Mirroring, AirPlay & Apple VT

Like Chromecast, Apple TV can do mirroring with its AirPlay feature (see The Verge’s comparison here). Unlike Chromecast, you’re not limited to just want you can see in your browser. However, AirPlay only works for iOS and MacOS devices.

The chart lists content you should find available for streaming to Apple TV, if you want to go the AirPlay route. Xbox Video, according to my testing, isn’t an option AirPlay or not.

The Limitations Of Mirroring

My assumption with this comparison is that most people looking for an internet-to-TV streaming device do not want to open up a laptop to watch video content on their televisions. If that’s the goal, they might as well watch that content on the laptop itself. Alternatively, they can buy a $6 HDMI cable to run video from many laptops to a TV.

So, while you can mirror using Chromecast or Apple TV, I don’t see this as a major advantage for these devices, not if your primary desire is to sit on your couch and watch internet-to-TV video with as little effort as possible. Instead, I think you have to focus on what’s natively supported in the apps, if that’s your goal.

They’re All Pretty Great

In terms of major video content choices, I’d say the Roku gives the most options for the least price. Still, at $35, you’re not risking much with a Chromecast — and it can be pretty fun to have various people sitting around “flinging” YouTube videos at it.

As someone with all of these devices, I’ll say that you’re not going to make a bad choice whatever you decide. All offer great value and make getting video content from the internet to your TV much easier.

Related Topics: Apple: Apple TV | Channel: Consumer | Google: Chromecast | Google: TV | Google: YouTube | Top News


About The Author: is Founding Editor of Marketing Land. He’s a widely cited authority on search marketing and internet marketing issues, who has covered the space since 1996. Danny also serves as Chief Content Officer for Third Door Media, which publishes Search Engine Land and produces the SMX: Search Marketing Expo conference series. He has a personal blog called Daggle (and keeps his disclosures page there). He can be found on Facebook, Google + and microblogs on Twitter as @dannysullivan.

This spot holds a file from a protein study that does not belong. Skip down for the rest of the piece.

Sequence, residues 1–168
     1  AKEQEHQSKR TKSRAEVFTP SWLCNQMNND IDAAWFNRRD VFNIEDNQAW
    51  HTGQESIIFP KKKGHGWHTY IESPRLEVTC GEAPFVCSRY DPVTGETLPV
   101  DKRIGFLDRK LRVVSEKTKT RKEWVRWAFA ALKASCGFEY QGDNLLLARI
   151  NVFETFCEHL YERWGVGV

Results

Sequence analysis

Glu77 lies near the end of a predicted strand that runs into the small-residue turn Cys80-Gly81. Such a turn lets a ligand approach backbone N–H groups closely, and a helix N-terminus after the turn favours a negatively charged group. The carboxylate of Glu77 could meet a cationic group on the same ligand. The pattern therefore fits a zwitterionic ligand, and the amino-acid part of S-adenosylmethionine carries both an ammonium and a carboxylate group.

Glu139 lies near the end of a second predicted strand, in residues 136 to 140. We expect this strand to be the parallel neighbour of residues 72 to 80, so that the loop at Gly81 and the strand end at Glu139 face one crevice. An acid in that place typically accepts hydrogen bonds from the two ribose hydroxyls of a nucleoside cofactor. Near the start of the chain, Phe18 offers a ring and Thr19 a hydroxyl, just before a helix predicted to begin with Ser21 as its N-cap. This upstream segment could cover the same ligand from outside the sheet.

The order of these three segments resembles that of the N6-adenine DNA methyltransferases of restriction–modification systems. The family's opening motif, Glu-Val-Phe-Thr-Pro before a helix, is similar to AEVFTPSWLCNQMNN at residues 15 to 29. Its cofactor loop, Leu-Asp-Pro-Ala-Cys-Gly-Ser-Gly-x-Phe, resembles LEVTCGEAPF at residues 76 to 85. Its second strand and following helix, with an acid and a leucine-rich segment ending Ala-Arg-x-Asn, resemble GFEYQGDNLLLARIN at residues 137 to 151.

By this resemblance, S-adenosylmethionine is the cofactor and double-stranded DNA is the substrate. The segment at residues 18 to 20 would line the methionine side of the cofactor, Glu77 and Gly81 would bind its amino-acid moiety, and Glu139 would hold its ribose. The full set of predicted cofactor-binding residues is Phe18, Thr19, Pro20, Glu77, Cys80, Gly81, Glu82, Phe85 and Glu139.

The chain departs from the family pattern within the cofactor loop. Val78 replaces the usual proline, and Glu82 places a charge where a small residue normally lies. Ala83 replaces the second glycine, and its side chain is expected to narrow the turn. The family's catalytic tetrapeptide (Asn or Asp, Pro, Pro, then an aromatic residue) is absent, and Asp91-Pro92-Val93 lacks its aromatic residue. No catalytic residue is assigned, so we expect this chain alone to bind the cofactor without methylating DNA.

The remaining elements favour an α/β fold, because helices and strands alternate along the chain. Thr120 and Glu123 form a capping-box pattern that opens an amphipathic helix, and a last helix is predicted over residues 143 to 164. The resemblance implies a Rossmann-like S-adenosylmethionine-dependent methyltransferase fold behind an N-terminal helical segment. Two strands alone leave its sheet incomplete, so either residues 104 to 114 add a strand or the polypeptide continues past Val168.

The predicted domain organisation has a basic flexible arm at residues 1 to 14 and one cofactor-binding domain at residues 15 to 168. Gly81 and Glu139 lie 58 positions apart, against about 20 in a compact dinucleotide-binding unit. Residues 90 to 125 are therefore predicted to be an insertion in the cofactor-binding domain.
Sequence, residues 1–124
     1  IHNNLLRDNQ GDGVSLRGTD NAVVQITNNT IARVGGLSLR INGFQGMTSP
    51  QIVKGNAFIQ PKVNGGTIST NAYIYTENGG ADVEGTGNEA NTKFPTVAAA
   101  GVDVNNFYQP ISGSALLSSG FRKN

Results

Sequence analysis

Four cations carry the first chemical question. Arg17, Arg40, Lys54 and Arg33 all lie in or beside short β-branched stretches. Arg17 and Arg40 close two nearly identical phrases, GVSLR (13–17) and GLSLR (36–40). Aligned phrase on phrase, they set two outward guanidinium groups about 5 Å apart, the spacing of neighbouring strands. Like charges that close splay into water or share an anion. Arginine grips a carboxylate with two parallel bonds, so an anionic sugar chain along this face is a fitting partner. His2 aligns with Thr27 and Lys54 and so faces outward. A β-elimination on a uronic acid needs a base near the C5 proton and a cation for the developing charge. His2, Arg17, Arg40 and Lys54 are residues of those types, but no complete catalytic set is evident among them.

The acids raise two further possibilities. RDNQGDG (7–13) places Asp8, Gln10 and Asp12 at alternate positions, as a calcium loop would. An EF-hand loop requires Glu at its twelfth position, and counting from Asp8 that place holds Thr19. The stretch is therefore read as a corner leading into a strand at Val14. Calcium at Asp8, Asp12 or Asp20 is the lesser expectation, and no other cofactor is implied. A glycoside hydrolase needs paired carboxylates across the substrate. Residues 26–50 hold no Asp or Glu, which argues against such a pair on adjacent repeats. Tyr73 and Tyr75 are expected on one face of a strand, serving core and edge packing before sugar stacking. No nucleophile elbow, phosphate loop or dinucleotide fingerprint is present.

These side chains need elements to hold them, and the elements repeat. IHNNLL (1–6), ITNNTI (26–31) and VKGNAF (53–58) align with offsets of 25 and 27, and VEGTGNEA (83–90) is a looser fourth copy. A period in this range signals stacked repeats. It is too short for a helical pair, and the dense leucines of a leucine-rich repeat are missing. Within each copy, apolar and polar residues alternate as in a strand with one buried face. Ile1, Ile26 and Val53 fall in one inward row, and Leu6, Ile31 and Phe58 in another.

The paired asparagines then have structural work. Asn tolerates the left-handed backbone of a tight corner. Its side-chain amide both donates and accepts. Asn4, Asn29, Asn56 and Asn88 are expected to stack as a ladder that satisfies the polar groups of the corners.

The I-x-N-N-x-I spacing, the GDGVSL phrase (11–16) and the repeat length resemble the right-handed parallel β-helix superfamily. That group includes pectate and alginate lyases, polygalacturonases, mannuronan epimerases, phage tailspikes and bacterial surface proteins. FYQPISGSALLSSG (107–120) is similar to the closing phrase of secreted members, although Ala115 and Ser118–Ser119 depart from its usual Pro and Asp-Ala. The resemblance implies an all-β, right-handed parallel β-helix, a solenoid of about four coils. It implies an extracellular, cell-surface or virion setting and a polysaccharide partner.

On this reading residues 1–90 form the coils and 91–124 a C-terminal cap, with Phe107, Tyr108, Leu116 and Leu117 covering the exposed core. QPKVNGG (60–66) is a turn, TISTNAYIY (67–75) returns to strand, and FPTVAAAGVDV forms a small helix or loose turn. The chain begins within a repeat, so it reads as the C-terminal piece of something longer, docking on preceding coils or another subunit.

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  • Pat Grady
  • Danny Sullivan

    The deal for three months free Netflix is over. The ability to get Netflix though the device is not.

  • Theodore R. Smith

    You left out a **Very** important detail: Apple iTV requires Apple products to mirror or stream. Google’s Chromecast works in every major operating system, including PCs, Linux, Windows, and Macs and iPhones and androids.

  • Kenny Tse

    Great article! Please add that Roku supports access to Youtube (and several other channels through server on another computer in the same wireless network.

  • RizzoMB

    With ChromeCast what content to I get for free, that I wouldn’t get on cable or from Youtube?

  • Greg Knieriemen

    I think this is a little premature – I think we can all assume the ecosystem of content is going to explode around Chromecast now that the SDK for app developers is available.

  • Greg Knieriemen

    Today, anything you can load in Chrome can be streamed to your TV (although it is beta).

  • Tom Labetti

    How about AeroTV? I’m considering Roku+AeroTV to replace FiOS set top boxes on the kids TVs. Chromecast+AeroTV might be a nice match.

  • Danny Sullivan

    It’s focused on the major content providers, of which Hulu is important. And Hulu’s track record of supporting Google TV products is dismal. But, maybe we’ll see a change.

  • Danny Sullivan

    The focus here isn’t on the mirroring aspect from the desktop, though thanks for noting that. It’s really, though, about what major channels you can receive.

  • Adam Helweh

    If I remember correctly, you can indeed add Youtube as a content channel on Roku by downloading it.

  • Meaux

    Can’t you watch Hulu Plus, Amazon Prime and HBO Go using Chrome Mirroring?

  • Zoyx

    Table is incorrect. You can open up Hulu or Amazon in a browser window, so you can stream these on a chromecast as well. You can also view your local content (stuff on your hard drive) through the browser.

  • Greg Knieriemen

    Just tested… I’m watching Hulu full screen through Chromecast on my TV right now. Any streaming media available through the browser can be played through Chromecast. No app required (but would be better as an app)

  • Greg Cohn

    Very useful article.

    Last time I checked, the YouTube implementation on AppleTV did not allow access to queued videos for watching later. I’d be interested in that level of detail on the comparison.

  • Danny Sullivan

    The table is about what apps/channels are native to each device. Opening a laptop is not native to these types of devices. That’s a great feature, of course, and I touch on it toward the end. But for the person sitting on their couch, looking for a way to get TV to their internet without opening up a laptop, this is what you can and can’t do.

  • Danny Sullivan

    yes. the article says this. I’m talking about what can be done via apps.

  • Dave4321

    You forgot you can play anything that you can play in your chrome browser you can play on chromecast.

  • RobOnMV

    I’d ad that with the program “Beamer” for Mac you can drag and drop any movie on your Mac to Beamer, and it’ll appear and play flawlessly on your TV wirelessly through Apple TV.

  • SethMcDonald